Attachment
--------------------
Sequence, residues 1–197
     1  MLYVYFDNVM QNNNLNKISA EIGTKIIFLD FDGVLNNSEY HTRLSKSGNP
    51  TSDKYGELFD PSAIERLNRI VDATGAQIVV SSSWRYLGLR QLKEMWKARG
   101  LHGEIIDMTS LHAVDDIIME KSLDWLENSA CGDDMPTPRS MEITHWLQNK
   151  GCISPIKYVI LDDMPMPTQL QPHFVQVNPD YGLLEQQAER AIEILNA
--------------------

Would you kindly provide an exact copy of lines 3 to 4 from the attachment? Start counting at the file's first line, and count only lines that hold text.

    51  TSDKYGELFD PSAIERLNRI VDATGAQIVV SSSWRYLGLR QLKEMWKARG
   101  LHGEIIDMTS LHAVDDIIME KSLDWLENSA CGDDMPTPRS MEITHWLQNK